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  • Writer's pictureFred Litwin

Dr. Cyril Wecht: Was Gerry Patrick Hemming Oswald's Handler?

Updated: Mar 14, 2023

On page 94 in the Kindle edition of Cyril Wecht's book, he writes:

"In 1963, Victor L. Marchetti, Jr., was a CIA agent specializing in Cold War espionage but would later quit and write books that were critical of the U.S. intelligence community. Marchetti described how the Office of Naval Intelligence established a program where several dozen young American men were assigned to appear disenchanted about the United States and would be sent into Russia or Eastern Europe. Their goals was to be recruited as KGB agents, but they'd actually function as "double agents," since their true loyalties would remain with America. The men were trained in U.S. Naval installations abroad. At the Marine base in Atsugi, one of Oswald's case officers was Gerry Patrick Hemming, who had worked for Fidel Castro as a CIA double agent, then turned virulently anti-Castro once he left Cuba. Was Oswald part of the ONI program Marchetti described, and was Hemming his handler?"

I have seen no evidence anywhere that Gerry Patrick Hemming was Oswald's handler. He's long been known as a loose cannon in the JFK assassination world and most people do not take him seriously.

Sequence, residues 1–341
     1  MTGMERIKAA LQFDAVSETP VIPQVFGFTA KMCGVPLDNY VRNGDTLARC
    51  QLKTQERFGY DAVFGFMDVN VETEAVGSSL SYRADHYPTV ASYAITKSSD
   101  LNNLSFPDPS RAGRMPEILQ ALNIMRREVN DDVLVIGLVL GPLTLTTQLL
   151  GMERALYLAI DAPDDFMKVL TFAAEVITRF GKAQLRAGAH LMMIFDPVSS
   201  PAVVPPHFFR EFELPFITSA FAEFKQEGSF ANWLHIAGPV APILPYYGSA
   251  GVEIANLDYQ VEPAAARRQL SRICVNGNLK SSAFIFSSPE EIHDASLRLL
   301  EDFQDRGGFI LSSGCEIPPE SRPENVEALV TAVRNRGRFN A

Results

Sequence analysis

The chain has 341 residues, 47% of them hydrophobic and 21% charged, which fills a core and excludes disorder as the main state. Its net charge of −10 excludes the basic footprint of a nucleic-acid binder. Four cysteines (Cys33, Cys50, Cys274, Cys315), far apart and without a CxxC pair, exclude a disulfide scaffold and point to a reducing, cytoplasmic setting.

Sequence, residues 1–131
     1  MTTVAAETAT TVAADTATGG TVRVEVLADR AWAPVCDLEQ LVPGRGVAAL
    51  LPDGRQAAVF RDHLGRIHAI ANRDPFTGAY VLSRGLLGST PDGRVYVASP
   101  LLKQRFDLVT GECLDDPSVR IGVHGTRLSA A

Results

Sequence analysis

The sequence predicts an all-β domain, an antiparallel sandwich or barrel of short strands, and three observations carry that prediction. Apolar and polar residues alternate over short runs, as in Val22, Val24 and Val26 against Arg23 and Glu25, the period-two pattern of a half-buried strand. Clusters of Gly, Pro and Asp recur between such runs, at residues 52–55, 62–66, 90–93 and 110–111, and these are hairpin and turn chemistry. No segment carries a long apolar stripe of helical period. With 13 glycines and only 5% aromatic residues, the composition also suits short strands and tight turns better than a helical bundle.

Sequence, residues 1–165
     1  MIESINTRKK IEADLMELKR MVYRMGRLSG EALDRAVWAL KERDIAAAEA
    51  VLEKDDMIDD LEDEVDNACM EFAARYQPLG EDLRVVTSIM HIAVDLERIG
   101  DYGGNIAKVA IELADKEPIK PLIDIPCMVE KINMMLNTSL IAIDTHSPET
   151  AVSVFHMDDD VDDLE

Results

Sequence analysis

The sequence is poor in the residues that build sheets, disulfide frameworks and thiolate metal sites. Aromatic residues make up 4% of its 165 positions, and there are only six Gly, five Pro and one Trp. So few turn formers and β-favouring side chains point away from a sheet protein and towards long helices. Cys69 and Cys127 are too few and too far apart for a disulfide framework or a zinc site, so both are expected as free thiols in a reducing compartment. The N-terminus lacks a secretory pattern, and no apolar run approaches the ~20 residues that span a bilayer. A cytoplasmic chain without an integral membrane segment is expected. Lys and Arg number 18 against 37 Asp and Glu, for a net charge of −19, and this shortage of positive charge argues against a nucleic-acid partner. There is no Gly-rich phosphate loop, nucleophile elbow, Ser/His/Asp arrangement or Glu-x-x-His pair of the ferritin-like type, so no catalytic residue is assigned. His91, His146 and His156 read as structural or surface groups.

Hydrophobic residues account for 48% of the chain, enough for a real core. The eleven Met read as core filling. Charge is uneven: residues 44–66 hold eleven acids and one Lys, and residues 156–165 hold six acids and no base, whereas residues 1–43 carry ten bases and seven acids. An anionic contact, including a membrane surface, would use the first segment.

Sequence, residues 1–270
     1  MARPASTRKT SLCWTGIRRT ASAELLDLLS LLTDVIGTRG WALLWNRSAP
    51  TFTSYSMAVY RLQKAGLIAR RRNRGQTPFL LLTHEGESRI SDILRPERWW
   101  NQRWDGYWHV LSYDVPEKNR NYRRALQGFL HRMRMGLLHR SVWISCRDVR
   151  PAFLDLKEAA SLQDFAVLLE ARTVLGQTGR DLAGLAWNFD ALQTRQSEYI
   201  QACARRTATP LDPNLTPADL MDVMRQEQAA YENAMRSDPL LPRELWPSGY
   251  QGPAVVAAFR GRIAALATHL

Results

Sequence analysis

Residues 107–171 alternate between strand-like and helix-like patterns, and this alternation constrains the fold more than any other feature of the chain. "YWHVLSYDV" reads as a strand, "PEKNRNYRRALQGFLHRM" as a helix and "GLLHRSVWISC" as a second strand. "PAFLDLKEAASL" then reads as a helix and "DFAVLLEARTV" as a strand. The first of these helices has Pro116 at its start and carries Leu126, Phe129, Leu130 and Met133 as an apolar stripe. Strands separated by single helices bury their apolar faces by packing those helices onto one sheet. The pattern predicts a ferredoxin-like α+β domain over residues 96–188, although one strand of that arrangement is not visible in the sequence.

There is also no evidence that Hemming had any association with the CIA.

By the way, there are no footnotes for Wecht's book.

I discussed Hemming in my book, I Was a Teenage JFK Conspiracy Freak, in a section about a Canadian Broadcasting Corporation documentary on the JFK assassination: (pages 181 - 184)

The most sensational part of Dallas and After is when Adrienne Clarkson talks to Gerry Patrick Hemming, an ex-Marine soldier of fortune who was involved in the fight to overthrow Castro. He told The Fifth Estate a wonderful story indicative of a healthy imagination. Here’s the complete discussion:

Hemming: I’d been to the White House earlier that year [1963] in March. I was in the east wing of the White House having an interview with the military aide to the President, General Clifton. I’d been to the Pentagon, the State department, what have you earlier in 1963. I’d done quite a bit of travelling. Had new contacts, dealt with very prominent people and in travelling I heard constant comments as to a solution to the Kennedy problem. It got very serious as to why uh waste time in Cuba. Why risk lives. The whole problem is in the White House. That should be taken care of.”

Adrienne Clarkson: Did someone walk in with a case of money and ask you to kill John Kennedy?”

Hemming: Well only one time was there money on the table. All other times we got out of the conversation and out of the meeting gracefully enough to avoid discussing any figures. Obviously these people had uh they’d been recommended to us and we’d been recommended to them and now suddenly we were discovering why these recommendations had been made and why these introductions had been made.